Primark cuts space at King of Prussia Mall, opening room for new tenant
February 28, 2020
Source, Philadelphia Business Journal, Natalie Kostelni
Primark, an Ireland-based retailer, has shrunk the space it occupies at the King of Prussia Mall by 34,000 square feet and now operates out of 59,000 square feet.
That’s more in line with the 58,300 square feet of space it leased at the Willow Grove Mall but smaller than the 34,200 square feet it leased at Fashion District Philadelphia.
In King of Prussia, Primark occupies space that once housed a 210,873-square-foot Sears. When that closed, the space was repositioned and leased out to Primark, Dick’s, Outback Steakhouse and Yardhouse.
While most of the mall is owned by Simon Property Group (NYSE: SPG), the former Sears space is controlled by Seritage Growth Properties (NYSE: SRG), a real estate investment trust that was formed when it bought 194 properties totaling 35.1 million square feet from Sears Holdings in 2015.
The company has redeveloped many of the Sears properties much in the way it has in King of Prussia by finding new tenants to fill the space. At the end of last year, it began doing more mixed-use projects and adding apartments to its properties. The addition of multifamily is not in the plans for its King of Prussia space.
“Ideally, we are looking for a single-tenant user but ownership would consider two large boxes,” said Stanton Brown of MSC Retail, who has the listing for the 34,000 square feet vacated by Primark.
The former Primark space has an exterior facing entrance and no access directly from the interior of the mall, Brown said. It also has space for two highly visible exterior signs.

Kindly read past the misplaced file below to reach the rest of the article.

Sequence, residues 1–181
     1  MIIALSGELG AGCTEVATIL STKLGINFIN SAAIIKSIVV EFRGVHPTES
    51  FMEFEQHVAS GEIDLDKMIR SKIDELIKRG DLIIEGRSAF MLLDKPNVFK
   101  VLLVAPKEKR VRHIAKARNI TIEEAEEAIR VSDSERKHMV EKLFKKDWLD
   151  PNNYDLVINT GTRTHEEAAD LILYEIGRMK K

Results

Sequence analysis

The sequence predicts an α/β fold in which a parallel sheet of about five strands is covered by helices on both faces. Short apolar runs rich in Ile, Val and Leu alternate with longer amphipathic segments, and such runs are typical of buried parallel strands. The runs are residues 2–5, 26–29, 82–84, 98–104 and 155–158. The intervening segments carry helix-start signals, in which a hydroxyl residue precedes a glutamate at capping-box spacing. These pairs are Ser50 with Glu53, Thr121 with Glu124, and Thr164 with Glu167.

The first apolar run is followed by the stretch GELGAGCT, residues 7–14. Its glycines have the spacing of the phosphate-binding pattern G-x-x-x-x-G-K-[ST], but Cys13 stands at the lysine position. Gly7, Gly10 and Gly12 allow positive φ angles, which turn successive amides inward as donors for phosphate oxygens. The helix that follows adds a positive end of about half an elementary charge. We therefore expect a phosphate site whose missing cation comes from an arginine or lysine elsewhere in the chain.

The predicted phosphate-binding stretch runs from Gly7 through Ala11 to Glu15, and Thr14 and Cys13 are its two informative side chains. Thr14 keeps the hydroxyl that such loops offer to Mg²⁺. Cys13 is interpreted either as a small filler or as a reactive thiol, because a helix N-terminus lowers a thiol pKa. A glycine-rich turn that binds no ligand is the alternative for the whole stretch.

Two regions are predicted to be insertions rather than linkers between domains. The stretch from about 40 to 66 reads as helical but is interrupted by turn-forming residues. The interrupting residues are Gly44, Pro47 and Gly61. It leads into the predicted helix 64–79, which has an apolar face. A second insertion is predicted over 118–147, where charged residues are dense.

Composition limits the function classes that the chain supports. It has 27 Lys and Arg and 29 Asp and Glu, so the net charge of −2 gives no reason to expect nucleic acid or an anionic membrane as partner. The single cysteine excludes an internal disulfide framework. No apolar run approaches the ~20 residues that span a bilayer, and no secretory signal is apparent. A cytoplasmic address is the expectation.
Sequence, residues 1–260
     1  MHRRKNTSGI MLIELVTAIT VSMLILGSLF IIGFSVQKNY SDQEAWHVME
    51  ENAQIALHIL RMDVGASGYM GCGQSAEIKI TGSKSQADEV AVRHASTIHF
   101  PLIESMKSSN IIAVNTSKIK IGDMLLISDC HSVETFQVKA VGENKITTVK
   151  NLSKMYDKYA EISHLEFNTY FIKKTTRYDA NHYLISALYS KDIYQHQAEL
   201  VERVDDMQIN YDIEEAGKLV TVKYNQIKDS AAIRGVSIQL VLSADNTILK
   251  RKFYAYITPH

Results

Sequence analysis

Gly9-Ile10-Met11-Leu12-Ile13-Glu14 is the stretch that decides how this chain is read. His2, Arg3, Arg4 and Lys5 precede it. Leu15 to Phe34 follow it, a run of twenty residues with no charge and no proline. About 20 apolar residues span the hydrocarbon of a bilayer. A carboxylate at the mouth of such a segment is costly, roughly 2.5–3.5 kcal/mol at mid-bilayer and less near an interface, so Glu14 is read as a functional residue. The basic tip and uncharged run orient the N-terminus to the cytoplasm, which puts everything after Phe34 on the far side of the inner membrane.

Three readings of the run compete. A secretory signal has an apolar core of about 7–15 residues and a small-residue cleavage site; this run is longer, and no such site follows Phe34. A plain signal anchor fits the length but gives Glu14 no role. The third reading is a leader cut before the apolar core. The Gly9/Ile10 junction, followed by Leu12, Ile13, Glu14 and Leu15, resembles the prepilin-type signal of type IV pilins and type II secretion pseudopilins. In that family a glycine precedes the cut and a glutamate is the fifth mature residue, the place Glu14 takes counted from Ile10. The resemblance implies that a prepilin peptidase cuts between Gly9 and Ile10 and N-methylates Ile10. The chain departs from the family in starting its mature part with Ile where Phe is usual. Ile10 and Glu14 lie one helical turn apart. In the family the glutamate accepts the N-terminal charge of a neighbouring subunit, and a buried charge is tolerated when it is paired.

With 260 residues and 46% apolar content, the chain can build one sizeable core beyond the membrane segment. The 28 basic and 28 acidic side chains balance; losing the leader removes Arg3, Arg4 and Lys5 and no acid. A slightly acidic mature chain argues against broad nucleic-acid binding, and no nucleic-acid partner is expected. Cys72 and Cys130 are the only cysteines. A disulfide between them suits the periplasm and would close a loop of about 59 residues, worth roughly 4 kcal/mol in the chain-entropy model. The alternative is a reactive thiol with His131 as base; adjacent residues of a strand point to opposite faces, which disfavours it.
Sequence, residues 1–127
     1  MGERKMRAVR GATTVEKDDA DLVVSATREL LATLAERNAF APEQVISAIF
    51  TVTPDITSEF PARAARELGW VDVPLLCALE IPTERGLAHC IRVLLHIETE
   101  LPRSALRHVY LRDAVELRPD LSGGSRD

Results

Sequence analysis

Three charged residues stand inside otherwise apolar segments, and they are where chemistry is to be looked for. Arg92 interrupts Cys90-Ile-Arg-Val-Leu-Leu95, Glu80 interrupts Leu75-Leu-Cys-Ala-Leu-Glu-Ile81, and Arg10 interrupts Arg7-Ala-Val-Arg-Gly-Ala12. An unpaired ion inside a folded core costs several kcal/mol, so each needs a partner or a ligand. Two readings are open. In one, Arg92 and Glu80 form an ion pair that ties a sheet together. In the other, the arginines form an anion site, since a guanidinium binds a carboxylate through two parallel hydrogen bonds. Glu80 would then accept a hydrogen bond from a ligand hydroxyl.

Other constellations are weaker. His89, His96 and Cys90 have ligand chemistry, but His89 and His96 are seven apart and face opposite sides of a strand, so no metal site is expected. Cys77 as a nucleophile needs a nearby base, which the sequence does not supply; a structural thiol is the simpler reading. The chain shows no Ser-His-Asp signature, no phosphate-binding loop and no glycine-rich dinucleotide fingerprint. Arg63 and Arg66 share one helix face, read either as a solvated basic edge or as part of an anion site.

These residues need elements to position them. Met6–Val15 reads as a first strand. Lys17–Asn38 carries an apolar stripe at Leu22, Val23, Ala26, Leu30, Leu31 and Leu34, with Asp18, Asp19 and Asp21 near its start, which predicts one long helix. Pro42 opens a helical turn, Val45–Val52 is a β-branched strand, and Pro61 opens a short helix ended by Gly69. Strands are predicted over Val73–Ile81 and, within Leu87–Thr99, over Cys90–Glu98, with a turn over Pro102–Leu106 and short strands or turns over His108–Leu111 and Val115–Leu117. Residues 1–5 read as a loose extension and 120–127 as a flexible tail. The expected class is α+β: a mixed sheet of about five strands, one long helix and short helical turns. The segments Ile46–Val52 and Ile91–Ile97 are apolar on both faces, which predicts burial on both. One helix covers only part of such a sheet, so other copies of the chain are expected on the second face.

While Brown declined to indicate a rental rate for the space, it’s estimated to be in the $20s per square foot range.
Primark is a fast-fashion retailer that has stiff competition and is facing headwinds as consumer tastes are changing — again. Other fast-fashion retailers such as Forever 21, Zara and H&M, which leases 38,000 square feet in the Fashion District, quickly expanded and are now seeing a drop in sales. Forever 21 filed for bankruptcy last year and is closing hundreds of stores.
Online retailing, along with a decline in foot traffic at lower-quality retail centers, have hurt sales as has the negative public perception of the environmental impact of “disposable” clothes.
Primark also faces stiff competition. Other retailers trying to stake a claim to discounted apparel and crowding the market include Nordstrom Rack, Neiman Marcus Last Call, and Saks Off Fifth.
Primark’s expansion to the United States has been measured. It opened its first store in September 2015 in Boston and now has nine locations throughout the Northeast. The new Philadelphia store at the Fashion District will be its third in Pennsylvania. It is expected to open sometime between September 2020 and September 2021.